It isn’t my wish to offend anyone – never has been – yet I feel a need to express my opinion on a topic that has been in the news for several weeks. Yes, only this one topic, I suppose I could rant about many other things that have been in the news lately, but I’ll just tackle this one; that of kneeling during our National Anthem. I’ve drawn my conclusions and it may irritate some. I have read (not all articles, but many,) listened to and thought about many of the comments rendered during this debate. So, my opinion doesn’t come lightly. I fail to see how “kneeling” can be a disrespectful form of protest. After all, many kneel in prayer, and many have kneeled to honor a monarch – this was considered a form of respect. What I find disrespectful is the failure to honor our Constitution – which, in effect, shows a failure to have read it, much less understand it. This kneeling as a form of protest is a peaceful one, and is protected by our First Amendment. Forcing entities, even by suggestion (which is a form of bullying,) to comply with one’s wishes that go against this protected right is, in my opinion, disrespectful. Those in government leadership have taken an oath to preserve and protect our Constitution – I wonder if they understand this oath. In my mind, kneeling is a much better form of protest than marching with torches and weapons, and chanting obscenities…… this is disrespectful of humanity. As far as I know, there is no written rule that says citizens MUST stand for the Anthem. (There is a difference between “should” and “must”.) Thus, I fail to see kneeling as disrespectful. Does anyone remember when there were cases of Flag burning as a form of protest? Many of us certainly thought this was a violent act, but it was protected and our Supreme Court ruled such. Once upon a time, we all held our Flag in high regard. We treated it carefully, never letting it touch the ground when it was handled, never copying it onto clothing, or any other article; it wasn’t supposed to be used for advertising purposes. So, where has that form of respect gone? Why do we now see our Flag transferred onto nearly everything one can imagine? I think I can answer that and understand why those who are wearing this symbol aren’t arrested for disrespecting the Flag. My main question then: why is there such an issue with kneeling during our Anthem? Kneeling isn’t going the same route as Flag burning. Complaining about this kneeling doesn’t display patriotism; it is simply a way to deflect from other issues and make it seem as if one is patriotic – yep, my opinion.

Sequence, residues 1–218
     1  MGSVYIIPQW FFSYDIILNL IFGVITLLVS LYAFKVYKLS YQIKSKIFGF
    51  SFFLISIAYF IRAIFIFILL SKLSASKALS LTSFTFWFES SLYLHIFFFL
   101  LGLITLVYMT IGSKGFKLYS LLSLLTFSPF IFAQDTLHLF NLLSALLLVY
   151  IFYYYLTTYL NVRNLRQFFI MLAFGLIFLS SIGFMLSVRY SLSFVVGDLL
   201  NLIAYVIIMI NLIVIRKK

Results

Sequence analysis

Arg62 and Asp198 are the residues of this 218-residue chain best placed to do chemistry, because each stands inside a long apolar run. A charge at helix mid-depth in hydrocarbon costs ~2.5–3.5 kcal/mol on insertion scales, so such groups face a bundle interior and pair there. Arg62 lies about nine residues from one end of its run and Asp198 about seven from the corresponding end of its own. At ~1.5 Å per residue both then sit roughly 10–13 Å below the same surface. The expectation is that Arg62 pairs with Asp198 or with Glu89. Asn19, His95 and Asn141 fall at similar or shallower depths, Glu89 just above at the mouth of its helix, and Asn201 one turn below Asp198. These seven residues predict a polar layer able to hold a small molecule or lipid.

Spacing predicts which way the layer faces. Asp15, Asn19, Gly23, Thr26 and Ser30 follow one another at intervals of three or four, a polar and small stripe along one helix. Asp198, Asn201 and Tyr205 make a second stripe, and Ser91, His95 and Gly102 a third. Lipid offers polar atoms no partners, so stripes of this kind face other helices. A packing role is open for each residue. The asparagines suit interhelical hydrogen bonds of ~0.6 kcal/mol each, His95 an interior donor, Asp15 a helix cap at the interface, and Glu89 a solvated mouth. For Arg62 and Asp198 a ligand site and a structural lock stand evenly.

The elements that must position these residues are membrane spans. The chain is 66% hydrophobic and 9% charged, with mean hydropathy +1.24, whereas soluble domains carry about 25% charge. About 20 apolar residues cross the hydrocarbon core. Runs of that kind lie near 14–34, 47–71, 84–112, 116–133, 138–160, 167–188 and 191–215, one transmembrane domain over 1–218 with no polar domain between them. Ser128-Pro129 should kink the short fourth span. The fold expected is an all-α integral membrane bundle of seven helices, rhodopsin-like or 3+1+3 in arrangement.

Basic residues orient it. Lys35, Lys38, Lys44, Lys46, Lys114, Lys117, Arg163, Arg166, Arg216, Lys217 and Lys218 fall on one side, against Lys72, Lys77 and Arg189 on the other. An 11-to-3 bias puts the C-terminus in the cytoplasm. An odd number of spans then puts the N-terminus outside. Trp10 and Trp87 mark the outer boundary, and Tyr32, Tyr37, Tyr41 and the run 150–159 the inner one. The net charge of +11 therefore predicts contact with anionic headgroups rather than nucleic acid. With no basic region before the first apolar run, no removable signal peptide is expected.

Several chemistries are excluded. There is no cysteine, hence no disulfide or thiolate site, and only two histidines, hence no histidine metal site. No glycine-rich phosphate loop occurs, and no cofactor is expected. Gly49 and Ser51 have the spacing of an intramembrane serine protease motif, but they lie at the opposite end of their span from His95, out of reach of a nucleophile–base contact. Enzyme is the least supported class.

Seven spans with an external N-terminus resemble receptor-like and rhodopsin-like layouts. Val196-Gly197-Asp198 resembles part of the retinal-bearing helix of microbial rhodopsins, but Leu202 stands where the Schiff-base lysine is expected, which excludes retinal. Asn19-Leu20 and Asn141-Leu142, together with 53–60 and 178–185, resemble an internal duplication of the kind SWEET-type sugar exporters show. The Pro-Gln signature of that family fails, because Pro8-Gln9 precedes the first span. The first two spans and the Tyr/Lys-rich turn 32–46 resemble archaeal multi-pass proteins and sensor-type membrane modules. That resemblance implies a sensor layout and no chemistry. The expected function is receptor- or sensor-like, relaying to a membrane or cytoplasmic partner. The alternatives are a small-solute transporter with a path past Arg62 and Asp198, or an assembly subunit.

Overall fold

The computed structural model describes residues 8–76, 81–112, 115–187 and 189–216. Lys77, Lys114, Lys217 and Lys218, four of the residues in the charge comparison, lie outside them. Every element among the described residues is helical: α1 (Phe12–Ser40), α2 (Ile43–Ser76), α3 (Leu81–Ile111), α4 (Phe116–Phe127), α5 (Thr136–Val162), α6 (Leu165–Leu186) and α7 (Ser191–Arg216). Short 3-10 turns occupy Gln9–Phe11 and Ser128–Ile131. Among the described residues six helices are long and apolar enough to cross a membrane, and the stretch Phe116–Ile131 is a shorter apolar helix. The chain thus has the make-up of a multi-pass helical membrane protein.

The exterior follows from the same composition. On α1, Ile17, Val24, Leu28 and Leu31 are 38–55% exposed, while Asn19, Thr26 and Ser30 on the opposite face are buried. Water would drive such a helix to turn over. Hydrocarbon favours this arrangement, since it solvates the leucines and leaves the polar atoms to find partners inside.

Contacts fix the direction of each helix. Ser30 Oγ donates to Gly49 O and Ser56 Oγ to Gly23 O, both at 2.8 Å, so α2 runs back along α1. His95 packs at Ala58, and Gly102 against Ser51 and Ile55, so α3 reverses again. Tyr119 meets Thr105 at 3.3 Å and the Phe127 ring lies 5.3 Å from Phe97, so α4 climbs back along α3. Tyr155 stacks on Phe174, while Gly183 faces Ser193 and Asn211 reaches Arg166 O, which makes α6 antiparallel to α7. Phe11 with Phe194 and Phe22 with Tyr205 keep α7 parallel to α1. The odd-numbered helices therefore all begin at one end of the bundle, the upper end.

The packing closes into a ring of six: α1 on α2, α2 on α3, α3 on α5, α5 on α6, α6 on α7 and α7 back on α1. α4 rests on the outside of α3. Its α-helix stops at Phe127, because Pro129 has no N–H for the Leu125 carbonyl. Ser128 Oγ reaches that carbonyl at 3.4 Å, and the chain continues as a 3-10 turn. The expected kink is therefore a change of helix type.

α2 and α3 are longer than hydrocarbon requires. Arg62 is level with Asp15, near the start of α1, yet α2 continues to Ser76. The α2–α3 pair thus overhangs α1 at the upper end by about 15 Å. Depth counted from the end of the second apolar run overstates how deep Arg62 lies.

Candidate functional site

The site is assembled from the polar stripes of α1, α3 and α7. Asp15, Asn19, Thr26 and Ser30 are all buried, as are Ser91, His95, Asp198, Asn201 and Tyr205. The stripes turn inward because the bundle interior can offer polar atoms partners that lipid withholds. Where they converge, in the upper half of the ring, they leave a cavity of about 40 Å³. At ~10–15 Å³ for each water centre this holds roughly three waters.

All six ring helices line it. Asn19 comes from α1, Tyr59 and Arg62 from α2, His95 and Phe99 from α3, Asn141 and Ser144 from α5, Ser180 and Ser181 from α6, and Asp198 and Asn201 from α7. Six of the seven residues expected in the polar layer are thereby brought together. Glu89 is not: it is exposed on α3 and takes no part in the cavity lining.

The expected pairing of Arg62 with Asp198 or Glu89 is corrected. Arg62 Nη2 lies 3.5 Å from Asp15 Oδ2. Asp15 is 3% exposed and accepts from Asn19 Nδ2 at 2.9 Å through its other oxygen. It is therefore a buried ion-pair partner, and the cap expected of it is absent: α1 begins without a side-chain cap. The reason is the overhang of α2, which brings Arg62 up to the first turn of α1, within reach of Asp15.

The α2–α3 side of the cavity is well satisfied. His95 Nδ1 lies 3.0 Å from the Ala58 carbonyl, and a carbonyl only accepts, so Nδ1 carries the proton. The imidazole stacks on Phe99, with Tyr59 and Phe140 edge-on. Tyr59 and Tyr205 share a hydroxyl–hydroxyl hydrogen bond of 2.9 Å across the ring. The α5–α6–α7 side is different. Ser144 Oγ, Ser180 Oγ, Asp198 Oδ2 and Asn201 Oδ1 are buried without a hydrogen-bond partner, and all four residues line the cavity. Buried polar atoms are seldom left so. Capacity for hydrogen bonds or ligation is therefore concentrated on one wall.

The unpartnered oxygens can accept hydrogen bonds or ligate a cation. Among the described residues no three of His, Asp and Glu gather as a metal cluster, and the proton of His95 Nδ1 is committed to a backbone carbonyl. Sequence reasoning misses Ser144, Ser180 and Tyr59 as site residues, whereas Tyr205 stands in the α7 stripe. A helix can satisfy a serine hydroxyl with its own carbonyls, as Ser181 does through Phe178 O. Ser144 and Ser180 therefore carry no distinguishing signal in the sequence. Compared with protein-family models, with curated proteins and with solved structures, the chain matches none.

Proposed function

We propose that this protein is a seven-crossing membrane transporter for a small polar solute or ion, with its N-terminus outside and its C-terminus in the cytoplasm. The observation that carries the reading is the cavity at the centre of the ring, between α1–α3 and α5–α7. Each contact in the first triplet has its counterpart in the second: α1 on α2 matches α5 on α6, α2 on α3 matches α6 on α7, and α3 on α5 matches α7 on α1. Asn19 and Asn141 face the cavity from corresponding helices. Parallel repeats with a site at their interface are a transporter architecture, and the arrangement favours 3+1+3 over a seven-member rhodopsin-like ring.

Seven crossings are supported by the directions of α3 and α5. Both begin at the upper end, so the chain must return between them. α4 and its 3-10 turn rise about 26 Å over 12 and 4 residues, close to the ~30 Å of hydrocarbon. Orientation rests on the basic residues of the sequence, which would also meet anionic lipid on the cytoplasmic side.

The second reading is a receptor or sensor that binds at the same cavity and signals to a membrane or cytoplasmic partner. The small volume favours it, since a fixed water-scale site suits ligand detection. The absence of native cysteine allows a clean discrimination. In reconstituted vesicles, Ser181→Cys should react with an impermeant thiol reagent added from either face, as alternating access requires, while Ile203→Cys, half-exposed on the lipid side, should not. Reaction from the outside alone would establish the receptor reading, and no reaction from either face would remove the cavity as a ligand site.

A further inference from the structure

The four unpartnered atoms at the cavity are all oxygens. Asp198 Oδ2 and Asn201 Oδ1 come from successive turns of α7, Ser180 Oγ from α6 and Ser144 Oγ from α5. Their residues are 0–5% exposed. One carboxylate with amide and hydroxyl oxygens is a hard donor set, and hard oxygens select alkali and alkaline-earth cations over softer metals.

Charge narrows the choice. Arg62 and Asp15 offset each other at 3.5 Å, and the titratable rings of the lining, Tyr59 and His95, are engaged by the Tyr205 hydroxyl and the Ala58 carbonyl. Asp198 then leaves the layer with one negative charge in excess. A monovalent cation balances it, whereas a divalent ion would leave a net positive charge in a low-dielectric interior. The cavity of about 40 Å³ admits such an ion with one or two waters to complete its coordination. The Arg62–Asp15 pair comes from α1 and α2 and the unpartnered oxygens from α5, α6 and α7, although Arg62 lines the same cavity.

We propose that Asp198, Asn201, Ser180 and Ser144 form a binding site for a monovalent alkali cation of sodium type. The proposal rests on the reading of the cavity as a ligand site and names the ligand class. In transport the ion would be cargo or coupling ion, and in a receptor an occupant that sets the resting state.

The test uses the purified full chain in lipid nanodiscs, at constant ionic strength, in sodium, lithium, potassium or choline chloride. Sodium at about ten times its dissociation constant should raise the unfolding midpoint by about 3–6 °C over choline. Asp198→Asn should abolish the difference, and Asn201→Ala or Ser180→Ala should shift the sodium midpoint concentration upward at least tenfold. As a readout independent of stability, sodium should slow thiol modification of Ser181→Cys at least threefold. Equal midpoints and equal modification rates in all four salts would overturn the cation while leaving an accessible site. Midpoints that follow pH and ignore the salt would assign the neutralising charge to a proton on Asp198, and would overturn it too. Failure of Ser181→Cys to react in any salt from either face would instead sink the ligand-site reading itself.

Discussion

**This website hasn’t been updated since 2005; I include it for historical purposes: http://www.usflag.org/flagetiquette.html